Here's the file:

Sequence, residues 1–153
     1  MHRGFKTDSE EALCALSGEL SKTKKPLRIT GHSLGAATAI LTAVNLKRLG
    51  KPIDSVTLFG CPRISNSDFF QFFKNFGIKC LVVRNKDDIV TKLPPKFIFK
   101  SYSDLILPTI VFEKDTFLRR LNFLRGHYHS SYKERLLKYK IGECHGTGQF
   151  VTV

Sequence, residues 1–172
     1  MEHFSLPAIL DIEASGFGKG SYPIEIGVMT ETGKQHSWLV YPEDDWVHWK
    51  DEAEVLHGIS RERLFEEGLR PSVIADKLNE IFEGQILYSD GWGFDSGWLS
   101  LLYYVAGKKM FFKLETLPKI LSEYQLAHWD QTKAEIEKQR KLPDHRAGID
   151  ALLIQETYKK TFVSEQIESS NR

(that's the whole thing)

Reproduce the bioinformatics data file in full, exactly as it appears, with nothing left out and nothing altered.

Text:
Sequence, residues 1–153
     1  MHRGFKTDSE EALCALSGEL SKTKKPLRIT GHSLGAATAI LTAVNLKRLG
    51  KPIDSVTLFG CPRISNSDFF QFFKNFGIKC LVVRNKDDIV TKLPPKFIFK
   101  SYSDLILPTI VFEKDTFLRR LNFLRGHYHS SYKERLLKYK IGECHGTGQF
   151  VTV

Sequence, residues 1–172
     1  MEHFSLPAIL DIEASGFGKG SYPIEIGVMT ETGKQHSWLV YPEDDWVHWK
    51  DEAEVLHGIS RERLFEEGLR PSVIADKLNE IFEGQILYSD GWGFDSGWLS
   101  LLYYVAGKKM FFKLETLPKI LSEYQLAHWD QTKAEIEKQR KLPDHRAGID
   151  ALLIQETYKK TFVSEQIESS NR